When the latter happens, such organisms become a serious threat to the ecosystem. They spread at a very fast rate within a short period by outcompeting the native species. Such organisms are referred to as invasive organisms or species in ecology.
Native organisms ordinarily do not become invasive unless something extraordinary happens, such as when they suddenly find themselves in a different micro-ecosystem within the same nativity. Even when circumstances occur in which native species show invasive characteristics, they are biologically not attributed to be invasive. In other words, invasiveness is a term that is used for exotic species only - the visitors. This posture, however, might change as time goes by as we all know that science is a dynamic subject.
Effects of Invasive species
When a species is introduced to an environment where it does not grow naturally, establishes itself, out-competes the species that grow naturally in that same environment thereby completing the attribute of invasiveness, the effect it poses can be classified into two:
- Economical or direct effects
- Environmental/ecological or indirect effects
The economic effects of invasive species can be felt in terms of the nuisance they create in the environment. The direct or economic impacts include the cost incurred in their management, such as trying to curtail their spread in the environment through mechanical (physically removing), biological (use of predators), or chemical (agrochemicals) means. Other direct effects include the cost incurred in researching and monitoring them, reduced yield of crops in agricultural settings, reduced exports and foreign exchange generation, and so on.
The ecological or indirect effects of invasive species can be felt in terms of the functions and services the ecosystem provides. While ecosystem services include the various services to man that the ecosystem provides such as pollination, provision of food and watershed protection, regulation of climate, socio-cultural functions, among many others; the ecosystem functions has to do with the interaction of various parts of the ecosystem to bring about the various services rendered to mankind.
When an environment gets invaded by a visitor, the various functions and services rendered by the ecosystem become disrupted and the ecosystem might never return to its original equilibrium even if the invasive species is dealt with and successfully overcome.
Strategies of invasive species
Even though their strategies may vary, virtually all invasive species have a couple of attributes in common which enable them to become dominant in whatever environment or ecosystem they find themselves in. Some of these attributes include:
- Phenotypic plasticity: simply defined as the inherent ability to adapt to diverse environmental conditions, this attribute ensures that invasive plants are able to acclimatize to and establish themselves in a wide variety of environments. When conditions are harsh, their propagules hold the fourth and as soon as a smell of good conditions gets into the air, they germinate and bloom.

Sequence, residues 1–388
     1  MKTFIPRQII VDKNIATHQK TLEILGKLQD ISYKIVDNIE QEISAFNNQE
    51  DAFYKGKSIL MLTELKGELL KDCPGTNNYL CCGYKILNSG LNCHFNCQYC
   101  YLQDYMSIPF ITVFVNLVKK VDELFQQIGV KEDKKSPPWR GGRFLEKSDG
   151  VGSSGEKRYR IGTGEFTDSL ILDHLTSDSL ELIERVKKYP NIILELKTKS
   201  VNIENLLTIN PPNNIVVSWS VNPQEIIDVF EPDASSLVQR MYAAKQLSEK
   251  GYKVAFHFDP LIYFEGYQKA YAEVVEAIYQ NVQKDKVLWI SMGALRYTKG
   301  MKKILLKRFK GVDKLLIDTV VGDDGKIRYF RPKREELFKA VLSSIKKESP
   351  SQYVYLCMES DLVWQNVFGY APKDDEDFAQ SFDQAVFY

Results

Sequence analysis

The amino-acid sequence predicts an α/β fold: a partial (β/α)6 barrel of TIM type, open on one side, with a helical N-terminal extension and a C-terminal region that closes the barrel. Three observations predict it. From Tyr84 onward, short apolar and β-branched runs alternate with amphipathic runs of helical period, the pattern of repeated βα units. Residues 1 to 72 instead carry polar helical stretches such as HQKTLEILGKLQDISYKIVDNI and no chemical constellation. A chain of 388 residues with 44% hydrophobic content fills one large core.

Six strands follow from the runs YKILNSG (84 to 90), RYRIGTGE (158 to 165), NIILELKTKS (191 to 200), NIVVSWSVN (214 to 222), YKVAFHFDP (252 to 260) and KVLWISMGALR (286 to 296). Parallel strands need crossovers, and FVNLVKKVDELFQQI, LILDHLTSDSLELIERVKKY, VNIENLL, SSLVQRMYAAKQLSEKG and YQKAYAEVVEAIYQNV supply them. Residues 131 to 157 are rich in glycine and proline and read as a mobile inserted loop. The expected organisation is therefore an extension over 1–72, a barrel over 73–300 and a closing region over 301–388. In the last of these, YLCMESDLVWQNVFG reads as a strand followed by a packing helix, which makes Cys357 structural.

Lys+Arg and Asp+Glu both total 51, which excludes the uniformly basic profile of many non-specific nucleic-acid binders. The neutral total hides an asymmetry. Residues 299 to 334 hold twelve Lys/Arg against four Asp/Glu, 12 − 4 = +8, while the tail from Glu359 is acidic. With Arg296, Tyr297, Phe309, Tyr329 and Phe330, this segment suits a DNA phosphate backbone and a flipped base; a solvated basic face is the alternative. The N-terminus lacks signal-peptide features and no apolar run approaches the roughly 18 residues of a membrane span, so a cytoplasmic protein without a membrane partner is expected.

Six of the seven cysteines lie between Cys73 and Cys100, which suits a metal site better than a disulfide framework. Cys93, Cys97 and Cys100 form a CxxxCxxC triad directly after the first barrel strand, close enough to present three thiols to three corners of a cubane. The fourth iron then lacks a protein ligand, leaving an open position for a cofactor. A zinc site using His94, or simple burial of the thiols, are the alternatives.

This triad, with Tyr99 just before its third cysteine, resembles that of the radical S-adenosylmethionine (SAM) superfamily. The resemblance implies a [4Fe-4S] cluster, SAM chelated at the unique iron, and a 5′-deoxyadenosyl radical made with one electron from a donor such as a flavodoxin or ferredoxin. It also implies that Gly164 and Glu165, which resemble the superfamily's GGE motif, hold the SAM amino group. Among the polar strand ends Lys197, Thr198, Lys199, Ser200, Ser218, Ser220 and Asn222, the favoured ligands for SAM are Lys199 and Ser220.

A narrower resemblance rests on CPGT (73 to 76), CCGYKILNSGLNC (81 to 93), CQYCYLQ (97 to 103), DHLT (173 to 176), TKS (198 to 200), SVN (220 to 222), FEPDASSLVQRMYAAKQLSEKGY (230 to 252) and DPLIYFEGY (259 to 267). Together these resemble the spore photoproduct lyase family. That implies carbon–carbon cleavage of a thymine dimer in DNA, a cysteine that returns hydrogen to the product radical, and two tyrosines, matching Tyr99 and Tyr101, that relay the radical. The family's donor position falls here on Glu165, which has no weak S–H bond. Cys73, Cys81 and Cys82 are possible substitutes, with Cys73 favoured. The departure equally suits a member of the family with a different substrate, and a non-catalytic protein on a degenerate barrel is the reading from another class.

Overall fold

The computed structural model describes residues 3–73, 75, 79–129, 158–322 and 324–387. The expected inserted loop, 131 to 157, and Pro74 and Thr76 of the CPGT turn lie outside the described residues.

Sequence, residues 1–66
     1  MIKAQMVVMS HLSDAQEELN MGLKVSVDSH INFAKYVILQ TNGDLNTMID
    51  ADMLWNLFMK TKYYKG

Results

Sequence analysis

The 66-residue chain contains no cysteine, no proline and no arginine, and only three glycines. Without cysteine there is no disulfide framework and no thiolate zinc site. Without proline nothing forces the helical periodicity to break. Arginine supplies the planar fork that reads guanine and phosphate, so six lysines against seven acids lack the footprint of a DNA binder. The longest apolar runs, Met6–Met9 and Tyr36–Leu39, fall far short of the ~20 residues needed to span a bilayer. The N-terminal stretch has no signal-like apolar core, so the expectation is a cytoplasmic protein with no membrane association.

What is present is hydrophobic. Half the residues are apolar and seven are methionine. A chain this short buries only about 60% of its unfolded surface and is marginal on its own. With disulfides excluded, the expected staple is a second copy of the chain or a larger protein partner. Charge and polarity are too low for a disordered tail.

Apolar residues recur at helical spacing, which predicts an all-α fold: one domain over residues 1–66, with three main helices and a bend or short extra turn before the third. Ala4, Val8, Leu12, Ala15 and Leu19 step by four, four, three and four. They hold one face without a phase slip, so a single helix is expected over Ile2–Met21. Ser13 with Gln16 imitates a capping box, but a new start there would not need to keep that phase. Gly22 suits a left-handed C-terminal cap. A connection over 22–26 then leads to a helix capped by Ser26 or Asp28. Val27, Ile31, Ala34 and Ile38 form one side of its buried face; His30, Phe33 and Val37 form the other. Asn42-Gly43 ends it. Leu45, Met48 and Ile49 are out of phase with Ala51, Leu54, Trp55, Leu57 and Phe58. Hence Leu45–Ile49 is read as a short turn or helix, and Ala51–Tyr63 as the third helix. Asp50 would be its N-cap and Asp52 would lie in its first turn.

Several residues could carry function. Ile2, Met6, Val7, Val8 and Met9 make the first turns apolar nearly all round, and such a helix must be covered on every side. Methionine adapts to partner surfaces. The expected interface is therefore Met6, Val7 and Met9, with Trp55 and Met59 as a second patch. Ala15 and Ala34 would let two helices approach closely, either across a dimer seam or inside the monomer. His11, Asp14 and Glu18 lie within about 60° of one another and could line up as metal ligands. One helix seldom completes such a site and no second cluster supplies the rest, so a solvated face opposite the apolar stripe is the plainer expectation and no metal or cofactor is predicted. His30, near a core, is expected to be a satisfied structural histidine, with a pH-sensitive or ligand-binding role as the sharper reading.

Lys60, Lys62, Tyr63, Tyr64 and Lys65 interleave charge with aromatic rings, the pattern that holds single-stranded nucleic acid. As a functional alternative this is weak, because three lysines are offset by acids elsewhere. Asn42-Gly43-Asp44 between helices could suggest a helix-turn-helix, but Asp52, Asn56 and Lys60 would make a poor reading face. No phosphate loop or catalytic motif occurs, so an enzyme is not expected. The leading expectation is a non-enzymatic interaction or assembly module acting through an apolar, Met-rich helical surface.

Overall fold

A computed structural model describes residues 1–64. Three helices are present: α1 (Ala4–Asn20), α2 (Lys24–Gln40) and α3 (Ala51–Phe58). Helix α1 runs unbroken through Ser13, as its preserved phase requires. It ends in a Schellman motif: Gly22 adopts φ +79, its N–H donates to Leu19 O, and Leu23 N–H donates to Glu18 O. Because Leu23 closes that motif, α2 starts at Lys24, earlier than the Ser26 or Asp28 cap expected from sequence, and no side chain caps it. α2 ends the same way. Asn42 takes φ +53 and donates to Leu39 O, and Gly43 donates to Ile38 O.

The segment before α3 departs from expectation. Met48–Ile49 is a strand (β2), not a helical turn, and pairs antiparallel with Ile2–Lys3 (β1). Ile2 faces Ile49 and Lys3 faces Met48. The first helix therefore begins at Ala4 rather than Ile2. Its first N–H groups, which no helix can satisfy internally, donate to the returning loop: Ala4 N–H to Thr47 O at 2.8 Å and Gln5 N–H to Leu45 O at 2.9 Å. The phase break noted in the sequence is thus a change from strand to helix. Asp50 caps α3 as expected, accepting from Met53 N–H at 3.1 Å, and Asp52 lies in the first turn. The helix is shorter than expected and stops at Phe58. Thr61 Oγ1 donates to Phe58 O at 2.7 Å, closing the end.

- Rapid growth, reproduction, and sophisticated dispersal mechanisms: most invasive plant or animal species have the inherent ability to reproduce and grow at a very rapid pace as compared to other species in the environment. As such, they quickly overshadow and dominate other species found in the same environment. In addition, they produce a lot of propagules or offspring which are dispersed far and near. Many invasive plants such as Chromolaena odorata and Tithonia diversifolia are annual herbs with high reproductive capacities. Their seeds have winds and are very lightweight. Thus, they can be carried to a far distance by the wind.
- Allelopathic: the production of inhibitory substances to limit competition in the environment. Many invasive plants have been found to release chemicals that inhibit growth or outrightly kill other plants within their vicinities. This ensures that only their species survive and dominate the environment.
In addition to the above attributes, many invasive species are usually of one or two uses to man. This utility makes it one of the reasons they are transferred to an entirely new environment and where they get established either deliberately or otherwise.
Invasive plants or animal species are inimical to the ecosystem and are usually capital intensive to manage. The best way out is to limit the importation of species from one ecosystem to another or curtail any species that shows early signs of being invasive.
Are there invasive species in your country? Feel free to share in the comment section.
Than you for reading.